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Minneapolis presents a phased re-opening plan for 38th and Chicago

Minneapolis leaders want to keep the intersection as a memorial site but now it's more so a matter of how to do so effectively.

MINNEAPOLIS — Minneapolis city leaders spent nearly an hour Thursday afternoon discussing what the future of 38th and Chicago could look like moving forward. 

While there's nothing set in stone, city leaders want to keep the intersection as a memorial site but now it's more so a matter of how to do so effectively. 

"Its been difficult to find any consensus about how to move forward," said Assistant City Coordinator, David Rubedor. 

After multiple meetings with residents and community leaders in the area of 38th and Chicago, Minneapolis city leaders are moving forward with a planned phased reopening of the intersection, an intersection city leaders say means so much to so many in the wake of George Floyd's death. 

"This particular place has transformed into a place of reflection, mourning, community congregation, art, conversation, protests, pain, sorrow, joy and re-imagination," said Public Works Director Robin Hutcheson.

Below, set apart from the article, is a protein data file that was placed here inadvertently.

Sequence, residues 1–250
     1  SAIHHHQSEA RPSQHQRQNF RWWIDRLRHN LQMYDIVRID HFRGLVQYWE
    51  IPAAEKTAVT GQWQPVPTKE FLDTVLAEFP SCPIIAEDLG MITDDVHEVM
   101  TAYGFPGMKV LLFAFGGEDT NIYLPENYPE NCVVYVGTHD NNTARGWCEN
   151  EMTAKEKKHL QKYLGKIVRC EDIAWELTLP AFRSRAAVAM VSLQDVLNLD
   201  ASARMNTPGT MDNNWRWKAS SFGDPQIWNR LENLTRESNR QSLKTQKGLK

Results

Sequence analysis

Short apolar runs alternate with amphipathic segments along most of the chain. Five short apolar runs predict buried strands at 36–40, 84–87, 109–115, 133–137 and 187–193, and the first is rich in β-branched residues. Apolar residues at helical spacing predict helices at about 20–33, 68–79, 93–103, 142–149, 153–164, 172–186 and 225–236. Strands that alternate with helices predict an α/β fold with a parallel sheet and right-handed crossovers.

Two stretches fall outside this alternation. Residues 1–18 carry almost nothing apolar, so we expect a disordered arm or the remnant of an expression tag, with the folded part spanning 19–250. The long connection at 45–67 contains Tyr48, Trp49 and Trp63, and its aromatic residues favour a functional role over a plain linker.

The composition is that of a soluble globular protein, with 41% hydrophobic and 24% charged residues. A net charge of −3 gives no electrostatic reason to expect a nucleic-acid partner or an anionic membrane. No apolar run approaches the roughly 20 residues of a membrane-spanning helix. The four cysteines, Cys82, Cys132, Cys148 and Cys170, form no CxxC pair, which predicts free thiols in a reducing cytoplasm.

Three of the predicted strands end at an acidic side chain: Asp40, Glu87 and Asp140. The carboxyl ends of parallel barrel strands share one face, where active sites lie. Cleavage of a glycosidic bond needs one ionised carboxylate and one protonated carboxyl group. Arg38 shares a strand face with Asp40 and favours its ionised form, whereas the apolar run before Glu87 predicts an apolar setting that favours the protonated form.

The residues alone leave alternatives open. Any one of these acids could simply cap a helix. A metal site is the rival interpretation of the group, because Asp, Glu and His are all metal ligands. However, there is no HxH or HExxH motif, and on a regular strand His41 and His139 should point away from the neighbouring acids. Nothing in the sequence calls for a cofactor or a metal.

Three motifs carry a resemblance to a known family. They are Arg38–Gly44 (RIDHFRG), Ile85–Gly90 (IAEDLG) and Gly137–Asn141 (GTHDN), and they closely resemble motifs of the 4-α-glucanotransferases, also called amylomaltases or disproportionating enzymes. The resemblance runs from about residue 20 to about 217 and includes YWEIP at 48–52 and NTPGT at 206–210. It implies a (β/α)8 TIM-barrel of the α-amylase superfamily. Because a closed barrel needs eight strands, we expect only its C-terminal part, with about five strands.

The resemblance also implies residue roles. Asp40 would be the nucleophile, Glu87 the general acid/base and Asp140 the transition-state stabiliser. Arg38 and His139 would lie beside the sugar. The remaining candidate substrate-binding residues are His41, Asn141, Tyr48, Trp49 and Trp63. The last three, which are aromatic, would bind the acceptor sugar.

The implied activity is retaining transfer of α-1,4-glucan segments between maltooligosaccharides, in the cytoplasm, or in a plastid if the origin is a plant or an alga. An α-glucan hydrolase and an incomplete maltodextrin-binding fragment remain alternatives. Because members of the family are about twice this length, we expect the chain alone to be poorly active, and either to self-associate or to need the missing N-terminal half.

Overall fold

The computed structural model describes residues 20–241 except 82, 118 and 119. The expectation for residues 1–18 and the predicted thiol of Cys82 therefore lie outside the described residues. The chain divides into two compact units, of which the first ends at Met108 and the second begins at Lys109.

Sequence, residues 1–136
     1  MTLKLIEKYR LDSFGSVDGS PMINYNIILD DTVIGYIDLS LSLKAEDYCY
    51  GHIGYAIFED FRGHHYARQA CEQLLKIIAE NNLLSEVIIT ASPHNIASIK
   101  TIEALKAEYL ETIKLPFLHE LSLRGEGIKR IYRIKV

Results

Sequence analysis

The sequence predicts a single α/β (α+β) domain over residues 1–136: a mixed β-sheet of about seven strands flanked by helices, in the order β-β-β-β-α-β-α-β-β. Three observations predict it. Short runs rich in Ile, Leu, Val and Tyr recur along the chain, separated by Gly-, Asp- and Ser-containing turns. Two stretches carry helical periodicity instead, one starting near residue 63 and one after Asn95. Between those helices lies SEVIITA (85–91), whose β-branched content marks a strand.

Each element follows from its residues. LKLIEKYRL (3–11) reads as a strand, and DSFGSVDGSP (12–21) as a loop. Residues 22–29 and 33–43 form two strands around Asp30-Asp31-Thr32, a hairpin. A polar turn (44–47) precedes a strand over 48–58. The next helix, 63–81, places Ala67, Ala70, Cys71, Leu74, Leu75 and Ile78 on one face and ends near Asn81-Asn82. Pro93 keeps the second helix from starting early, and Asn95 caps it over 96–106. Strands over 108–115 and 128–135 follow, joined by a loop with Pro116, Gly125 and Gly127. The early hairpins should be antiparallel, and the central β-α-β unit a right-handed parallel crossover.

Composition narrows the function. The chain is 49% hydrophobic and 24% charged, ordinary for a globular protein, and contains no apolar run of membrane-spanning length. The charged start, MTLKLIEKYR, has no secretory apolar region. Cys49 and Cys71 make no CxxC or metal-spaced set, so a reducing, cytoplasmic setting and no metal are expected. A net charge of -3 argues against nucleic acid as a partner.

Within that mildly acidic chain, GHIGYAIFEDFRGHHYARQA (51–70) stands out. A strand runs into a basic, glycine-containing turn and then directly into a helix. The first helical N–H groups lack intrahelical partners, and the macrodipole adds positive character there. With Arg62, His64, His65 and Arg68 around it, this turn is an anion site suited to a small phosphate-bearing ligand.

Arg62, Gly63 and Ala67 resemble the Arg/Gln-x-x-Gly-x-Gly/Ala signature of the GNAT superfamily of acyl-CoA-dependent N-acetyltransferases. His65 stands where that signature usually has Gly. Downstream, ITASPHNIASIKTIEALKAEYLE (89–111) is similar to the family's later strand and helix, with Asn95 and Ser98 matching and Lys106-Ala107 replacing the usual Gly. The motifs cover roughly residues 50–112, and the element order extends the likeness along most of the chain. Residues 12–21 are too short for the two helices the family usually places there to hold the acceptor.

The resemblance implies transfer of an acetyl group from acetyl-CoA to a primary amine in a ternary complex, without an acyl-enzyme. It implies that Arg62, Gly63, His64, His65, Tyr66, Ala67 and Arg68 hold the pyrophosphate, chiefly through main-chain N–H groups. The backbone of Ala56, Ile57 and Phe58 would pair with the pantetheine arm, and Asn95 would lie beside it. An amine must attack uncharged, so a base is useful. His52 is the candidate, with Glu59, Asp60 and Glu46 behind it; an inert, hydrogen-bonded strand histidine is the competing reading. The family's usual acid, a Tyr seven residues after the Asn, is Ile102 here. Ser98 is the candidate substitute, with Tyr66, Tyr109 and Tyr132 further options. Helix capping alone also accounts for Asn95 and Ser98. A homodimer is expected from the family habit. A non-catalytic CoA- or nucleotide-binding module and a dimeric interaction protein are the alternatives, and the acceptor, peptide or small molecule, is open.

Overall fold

The first phase of reopening involves two options that would reopen 38th, allowing a space for preserved art while reducing the impacts to the surrounding areas.

"Reopen 38th Street only... and preserve the roundabout -- the community structured roundabout -- and the artwork...if the artist so desires," said Hutcheson. 

The second option would involve moving the raised fist sculpture and garden a little further north up Chicago freeing up 38th completely without a roundabout, to preserve more of the memorial space on 38th. 

"This is a very complicated situation there have been many different groups working in the area and the ideas of what happens next are what the long term visions are for the intersection still remain uncertain," said Rubedor. 

While decisions for the future of the intersection are still up in the air, city leaders want to make one thing clear, putting the needs of the community first... is priority. 

"We continue to commit to working with the community, we will continue to discuss specific elements and desires to support racial healing and community investment," said Hutcheson. 

The city is investing $250,000 from their revised 2020 budget to support the vision of the intersection. 

A date for when the re-opening process will begin hasn't been set yet. 

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